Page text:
The German-born film director of "Independence Day" is known as the "master of disaster," but Roland Emmerich has also addressed gay rights in "Stonewall."
Retirement age in Germany is 65, but there are no signs that German-born film director Roland Emmerich will be calling the quits any time soon.
Emmerich has long become a household name for action-driven works such as Independence Day (1996), Godzilla (1998) and The Day after Tomorrow (2004), and continues to be a driving force behind cutting-edge special effects in the film industry.
Born in the southern German city of Stuttgart in 1955, Emmerich attended the University of Television and Film Munich, launching into his signature genre of science fiction straight upon graduation.
After completing a number of productions in Germany, Emmerich directed his first US action film in 1992: Universal Soldier, featuring Jean-Claude Van Damme and Dolph Lundgren.
In 1994, Stargate cemented the German director's reputation in Hollywood, setting the stage for the 1996 movie which probably remains his most famous: Independence Day. The storyline spans an ambitious arc in which alien spaceships descend on Earth to annihilate all humans in a bid to take over the planet's natural resources, before they move on to another galactic civilization to rinse and repeat the same wave of destruction. This takes place, of course, on the Fourth of July, as luck would have it.
The movie is, however, as much a commentary on the human condition with its seemingly insatiable desire to exploit the Earth as it is a trope about good versus evil. In the end, humanity prevails — even though the kind of (pseudo-)science explained in the film would certainly condemn mankind to its own doom, if it were actually applied in the real world.
Read more: Return of the Aliens on Independence Day
In hindsight, many of the special effects in Independence Day and Stargate appear almost whimsical from today's perspective. But Roland Emmerich tends to treat such details as mere afterthoughts at the time of production. His mission is to thrill audiences, and there is no doubt that he succeeds in doing so, always using the latest technology available to the industry.
Emmerich improves on the high standards he sets for himself with each production. In 2004, he brought the disaster film genre to a new level with The Day After Tomorrow, which casts the planet under the spell of a new Ice Age emerging overnight.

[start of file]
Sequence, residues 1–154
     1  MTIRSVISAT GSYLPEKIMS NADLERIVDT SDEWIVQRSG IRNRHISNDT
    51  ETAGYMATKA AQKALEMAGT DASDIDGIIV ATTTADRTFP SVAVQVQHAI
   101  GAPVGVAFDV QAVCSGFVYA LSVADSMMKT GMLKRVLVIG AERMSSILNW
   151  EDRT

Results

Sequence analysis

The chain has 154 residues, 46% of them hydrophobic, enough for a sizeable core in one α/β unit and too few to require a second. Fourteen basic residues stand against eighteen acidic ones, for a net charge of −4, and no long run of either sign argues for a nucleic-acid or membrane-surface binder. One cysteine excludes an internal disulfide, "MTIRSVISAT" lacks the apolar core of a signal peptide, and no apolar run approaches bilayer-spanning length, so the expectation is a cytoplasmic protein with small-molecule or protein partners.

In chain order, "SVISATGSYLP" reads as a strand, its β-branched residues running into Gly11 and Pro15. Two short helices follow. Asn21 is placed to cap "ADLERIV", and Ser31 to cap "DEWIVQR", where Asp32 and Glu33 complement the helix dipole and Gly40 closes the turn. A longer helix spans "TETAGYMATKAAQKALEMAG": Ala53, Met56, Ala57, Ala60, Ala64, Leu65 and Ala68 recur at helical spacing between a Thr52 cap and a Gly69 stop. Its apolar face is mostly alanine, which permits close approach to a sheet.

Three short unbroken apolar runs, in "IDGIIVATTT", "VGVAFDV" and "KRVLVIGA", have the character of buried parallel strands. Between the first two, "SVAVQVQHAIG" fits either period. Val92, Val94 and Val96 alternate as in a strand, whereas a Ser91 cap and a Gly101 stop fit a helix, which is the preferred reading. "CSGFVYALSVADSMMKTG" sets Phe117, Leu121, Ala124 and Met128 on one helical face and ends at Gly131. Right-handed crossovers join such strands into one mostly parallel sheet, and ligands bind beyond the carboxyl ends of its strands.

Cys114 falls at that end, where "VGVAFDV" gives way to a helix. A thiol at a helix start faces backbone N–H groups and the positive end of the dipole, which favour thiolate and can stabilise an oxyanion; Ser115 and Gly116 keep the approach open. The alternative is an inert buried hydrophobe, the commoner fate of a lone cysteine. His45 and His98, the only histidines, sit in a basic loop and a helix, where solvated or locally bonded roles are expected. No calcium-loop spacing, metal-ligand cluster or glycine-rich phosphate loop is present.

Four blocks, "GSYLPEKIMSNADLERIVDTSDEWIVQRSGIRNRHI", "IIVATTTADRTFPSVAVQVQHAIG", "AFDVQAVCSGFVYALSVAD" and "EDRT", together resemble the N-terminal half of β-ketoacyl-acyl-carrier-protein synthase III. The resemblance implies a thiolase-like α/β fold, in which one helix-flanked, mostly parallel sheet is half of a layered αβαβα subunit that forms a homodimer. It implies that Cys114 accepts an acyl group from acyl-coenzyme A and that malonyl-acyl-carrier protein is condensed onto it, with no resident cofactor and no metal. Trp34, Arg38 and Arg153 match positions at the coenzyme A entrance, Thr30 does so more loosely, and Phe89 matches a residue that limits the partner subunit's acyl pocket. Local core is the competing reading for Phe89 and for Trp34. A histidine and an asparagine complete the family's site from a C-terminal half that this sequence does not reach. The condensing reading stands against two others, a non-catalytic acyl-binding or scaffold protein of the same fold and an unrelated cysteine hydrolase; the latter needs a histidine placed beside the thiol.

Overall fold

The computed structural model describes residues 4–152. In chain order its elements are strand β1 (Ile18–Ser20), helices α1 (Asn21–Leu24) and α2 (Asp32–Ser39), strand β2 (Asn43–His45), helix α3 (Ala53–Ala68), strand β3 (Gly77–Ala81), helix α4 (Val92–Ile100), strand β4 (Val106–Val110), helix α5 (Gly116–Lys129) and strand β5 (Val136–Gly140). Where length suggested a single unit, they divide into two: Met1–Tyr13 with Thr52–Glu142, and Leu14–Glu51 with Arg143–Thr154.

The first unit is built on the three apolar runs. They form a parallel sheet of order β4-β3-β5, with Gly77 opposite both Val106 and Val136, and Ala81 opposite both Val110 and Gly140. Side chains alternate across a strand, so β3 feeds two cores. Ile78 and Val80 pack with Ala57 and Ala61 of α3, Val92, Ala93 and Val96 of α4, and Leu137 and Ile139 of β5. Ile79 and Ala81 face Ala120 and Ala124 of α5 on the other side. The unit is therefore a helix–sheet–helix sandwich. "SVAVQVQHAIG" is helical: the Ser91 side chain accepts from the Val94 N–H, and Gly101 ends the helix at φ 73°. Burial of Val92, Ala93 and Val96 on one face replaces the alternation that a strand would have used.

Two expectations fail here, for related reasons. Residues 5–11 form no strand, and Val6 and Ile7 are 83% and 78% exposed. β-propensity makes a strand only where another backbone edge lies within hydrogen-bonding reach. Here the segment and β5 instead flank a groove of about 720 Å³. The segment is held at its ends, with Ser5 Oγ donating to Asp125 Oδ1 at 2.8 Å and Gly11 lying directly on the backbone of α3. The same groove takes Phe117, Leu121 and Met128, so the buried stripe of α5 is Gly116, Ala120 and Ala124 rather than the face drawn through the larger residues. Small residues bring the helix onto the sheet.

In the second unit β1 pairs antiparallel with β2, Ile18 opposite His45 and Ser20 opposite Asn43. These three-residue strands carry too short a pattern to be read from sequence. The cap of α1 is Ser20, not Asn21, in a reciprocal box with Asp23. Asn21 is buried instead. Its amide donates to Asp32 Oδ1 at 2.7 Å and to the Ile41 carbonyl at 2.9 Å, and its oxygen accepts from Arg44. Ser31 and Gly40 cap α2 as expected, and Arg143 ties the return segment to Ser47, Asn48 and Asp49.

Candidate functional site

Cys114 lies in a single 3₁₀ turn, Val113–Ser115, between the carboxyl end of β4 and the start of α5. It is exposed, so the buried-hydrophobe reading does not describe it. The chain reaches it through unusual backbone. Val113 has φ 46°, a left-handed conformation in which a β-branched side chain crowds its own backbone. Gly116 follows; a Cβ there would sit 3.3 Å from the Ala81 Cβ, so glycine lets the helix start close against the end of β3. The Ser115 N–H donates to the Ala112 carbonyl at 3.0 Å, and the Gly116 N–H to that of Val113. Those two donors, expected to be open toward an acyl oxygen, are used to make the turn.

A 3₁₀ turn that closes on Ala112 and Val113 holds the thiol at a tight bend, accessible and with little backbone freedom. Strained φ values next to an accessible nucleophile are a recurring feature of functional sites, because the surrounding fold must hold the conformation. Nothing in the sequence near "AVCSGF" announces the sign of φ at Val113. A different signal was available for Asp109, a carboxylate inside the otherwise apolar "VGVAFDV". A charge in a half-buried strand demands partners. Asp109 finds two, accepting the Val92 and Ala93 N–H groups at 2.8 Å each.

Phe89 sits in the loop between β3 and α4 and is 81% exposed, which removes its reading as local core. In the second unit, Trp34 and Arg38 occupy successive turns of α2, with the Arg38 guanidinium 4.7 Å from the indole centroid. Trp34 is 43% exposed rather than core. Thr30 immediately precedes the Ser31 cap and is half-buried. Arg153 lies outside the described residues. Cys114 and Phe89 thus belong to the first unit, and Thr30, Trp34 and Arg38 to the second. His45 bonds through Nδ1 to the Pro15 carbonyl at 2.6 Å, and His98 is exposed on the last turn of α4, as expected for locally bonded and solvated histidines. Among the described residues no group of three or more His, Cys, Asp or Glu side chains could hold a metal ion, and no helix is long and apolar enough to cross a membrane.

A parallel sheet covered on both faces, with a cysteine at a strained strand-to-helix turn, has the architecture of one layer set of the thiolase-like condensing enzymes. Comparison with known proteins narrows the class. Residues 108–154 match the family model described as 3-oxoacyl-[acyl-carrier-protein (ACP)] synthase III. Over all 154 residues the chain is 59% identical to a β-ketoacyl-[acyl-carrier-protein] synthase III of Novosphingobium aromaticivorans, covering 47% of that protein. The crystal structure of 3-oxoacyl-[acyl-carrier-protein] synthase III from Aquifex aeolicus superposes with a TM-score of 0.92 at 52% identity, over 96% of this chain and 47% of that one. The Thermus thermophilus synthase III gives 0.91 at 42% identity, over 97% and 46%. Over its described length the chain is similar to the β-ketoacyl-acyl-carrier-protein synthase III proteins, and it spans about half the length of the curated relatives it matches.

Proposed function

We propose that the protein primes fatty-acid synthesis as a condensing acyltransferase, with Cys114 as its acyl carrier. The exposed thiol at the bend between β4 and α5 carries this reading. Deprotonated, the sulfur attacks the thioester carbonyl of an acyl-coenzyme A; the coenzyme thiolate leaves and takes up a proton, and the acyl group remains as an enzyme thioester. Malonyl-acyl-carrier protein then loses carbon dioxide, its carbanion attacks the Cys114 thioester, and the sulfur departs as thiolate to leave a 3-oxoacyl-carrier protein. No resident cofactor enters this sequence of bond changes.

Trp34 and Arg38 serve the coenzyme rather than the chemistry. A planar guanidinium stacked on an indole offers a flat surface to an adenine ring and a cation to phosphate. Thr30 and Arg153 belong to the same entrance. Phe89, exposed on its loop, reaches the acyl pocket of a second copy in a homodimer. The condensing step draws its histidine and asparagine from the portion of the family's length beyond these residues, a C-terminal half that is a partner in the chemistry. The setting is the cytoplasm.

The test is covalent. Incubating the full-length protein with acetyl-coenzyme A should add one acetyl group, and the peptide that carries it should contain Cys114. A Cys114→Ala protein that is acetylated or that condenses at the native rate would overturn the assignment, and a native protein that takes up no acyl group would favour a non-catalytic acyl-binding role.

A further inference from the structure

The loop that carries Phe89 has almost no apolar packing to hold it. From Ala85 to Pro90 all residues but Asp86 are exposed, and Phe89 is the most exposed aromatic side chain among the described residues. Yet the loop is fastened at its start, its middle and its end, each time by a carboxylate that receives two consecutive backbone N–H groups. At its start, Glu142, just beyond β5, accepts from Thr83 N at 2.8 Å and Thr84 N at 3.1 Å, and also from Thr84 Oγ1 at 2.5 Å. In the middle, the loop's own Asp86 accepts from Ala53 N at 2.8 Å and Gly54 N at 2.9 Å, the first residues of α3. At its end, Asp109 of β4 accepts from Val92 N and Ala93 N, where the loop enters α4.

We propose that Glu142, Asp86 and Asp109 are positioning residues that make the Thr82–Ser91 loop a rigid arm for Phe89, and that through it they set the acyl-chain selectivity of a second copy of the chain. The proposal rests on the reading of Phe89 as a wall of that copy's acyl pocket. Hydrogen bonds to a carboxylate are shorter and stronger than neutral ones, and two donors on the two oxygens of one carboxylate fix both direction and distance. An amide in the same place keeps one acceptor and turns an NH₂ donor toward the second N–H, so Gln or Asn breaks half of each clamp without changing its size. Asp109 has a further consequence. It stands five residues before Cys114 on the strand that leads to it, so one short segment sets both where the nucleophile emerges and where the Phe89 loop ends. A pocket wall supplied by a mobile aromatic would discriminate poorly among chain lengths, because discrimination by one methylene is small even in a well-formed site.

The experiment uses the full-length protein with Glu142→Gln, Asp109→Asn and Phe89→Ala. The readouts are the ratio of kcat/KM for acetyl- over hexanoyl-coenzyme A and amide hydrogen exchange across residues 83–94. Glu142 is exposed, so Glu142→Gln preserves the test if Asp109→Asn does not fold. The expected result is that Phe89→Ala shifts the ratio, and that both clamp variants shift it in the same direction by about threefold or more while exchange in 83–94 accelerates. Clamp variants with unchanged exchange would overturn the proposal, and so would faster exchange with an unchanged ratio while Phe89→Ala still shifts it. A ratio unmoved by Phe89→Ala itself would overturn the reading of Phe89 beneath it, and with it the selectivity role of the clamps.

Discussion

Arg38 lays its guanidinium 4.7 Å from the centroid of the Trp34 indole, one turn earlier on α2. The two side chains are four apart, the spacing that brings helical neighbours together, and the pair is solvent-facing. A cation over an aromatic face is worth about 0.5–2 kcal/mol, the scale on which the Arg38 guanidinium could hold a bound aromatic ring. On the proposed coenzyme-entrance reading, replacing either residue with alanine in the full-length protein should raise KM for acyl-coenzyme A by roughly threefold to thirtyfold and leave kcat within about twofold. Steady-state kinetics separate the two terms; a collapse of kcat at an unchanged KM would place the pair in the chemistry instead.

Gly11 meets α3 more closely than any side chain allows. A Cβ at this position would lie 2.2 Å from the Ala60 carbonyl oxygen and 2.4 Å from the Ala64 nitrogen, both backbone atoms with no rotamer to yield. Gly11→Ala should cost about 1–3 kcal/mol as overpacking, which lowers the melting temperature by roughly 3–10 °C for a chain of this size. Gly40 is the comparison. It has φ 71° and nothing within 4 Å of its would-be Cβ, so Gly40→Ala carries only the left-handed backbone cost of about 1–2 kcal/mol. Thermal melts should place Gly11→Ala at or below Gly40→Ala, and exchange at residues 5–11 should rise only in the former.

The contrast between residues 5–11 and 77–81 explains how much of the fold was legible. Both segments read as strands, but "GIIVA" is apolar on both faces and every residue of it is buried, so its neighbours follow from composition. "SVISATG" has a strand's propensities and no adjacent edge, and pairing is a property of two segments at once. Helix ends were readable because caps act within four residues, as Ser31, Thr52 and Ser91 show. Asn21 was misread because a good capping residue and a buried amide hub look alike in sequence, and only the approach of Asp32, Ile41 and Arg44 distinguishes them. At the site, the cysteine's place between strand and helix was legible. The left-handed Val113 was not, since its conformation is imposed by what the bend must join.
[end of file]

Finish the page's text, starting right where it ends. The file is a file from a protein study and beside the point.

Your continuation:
Five years later, he highlighted the end-of-times prophecy of the Mayan Calendar in 2012, chasing his protagonists from one natural disaster to the next.
Looking at the effects of climate change is, however, not just an on-screen passion of the German director; he makes sure that his productions are carbon-neutral — while remaining cost-effective.
But it's not all doom and gloom with Roland Emmerich. In fact, the director has also been trying to move away from his moniker, "the master of disaster." Even in the flattest of storylines, Emmerich attempts to inject some social commentary, for example by featuring interracial couples in his narratives or casting people of color in leading roles — giving sleepless nights to Hollywood executives who love to apply tried-and-tested formulas to produce box office blockbusters.
In 2015, Emmerich directed a film about the beginnings of the Gay Rights movement on Christopher Street in New York in the late 1960s: the openly gay director, who married his partner Omar de Soto in 2017, said that Stonewall was a project that was near and dear to his heart. Unfortunately, it failed at the box office.
In 2019, Emmerich opted for another historical project, setting his eyes on the Pacific Theater of World War II with Midway. The action-filled war drama focuses on the decisive Battle of Midway that opposed the United States and Japan in 1942.
But Roland Emmerich can't seem to entirely depart from science fiction after all: His next film, Moonfall, is based on the premise that the moon stops rotating around the Earth and begins to tumble toward the planet. Actors Donald Sutherland, Halle Berry, Patrick Wilson and Stanley Tucci have all signed on to the production.
How will his protagonists solve this existential problem? Who will die in due course? And what love stories find their happy ending against this background?
We will have to wait until at least 2022 to find out how Emmerich's latest work pans out. Due to the COVID-19 pandemic, the launch date of the production is yet to be determined, but with a budget of $130 million (€110 million), fans can be certain that there will be no skimping on special effects.
For today, however, there are no major floods, explosives or fires planned for Roland Emmerich's birthday — only 65 candles to blow out.